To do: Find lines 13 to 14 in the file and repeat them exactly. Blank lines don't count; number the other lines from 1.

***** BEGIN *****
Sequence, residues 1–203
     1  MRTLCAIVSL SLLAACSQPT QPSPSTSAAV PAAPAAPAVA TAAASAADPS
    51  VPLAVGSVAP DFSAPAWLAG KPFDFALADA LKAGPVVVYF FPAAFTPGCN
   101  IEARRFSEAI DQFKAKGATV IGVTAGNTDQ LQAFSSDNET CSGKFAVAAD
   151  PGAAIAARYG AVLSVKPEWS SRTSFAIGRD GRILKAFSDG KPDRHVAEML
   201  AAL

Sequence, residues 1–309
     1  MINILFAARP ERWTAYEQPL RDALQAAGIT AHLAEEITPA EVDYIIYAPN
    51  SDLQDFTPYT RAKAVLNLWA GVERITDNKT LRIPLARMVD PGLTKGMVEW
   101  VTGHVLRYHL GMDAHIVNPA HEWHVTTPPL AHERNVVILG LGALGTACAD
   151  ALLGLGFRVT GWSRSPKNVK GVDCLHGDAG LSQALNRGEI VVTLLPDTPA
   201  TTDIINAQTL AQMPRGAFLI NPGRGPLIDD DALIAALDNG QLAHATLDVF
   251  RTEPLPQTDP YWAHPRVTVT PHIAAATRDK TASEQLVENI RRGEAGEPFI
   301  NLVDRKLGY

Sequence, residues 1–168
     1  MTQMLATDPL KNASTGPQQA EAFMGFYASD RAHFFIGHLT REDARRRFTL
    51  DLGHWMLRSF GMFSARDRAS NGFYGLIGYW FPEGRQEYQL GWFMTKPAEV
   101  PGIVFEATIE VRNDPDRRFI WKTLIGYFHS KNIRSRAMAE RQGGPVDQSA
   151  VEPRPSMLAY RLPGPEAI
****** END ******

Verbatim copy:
   251  RTEPLPQTDP YWAHPRVTVT PHIAAATRDK TASEQLVENI RRGEAGEPFI
   301  NLVDRKLGY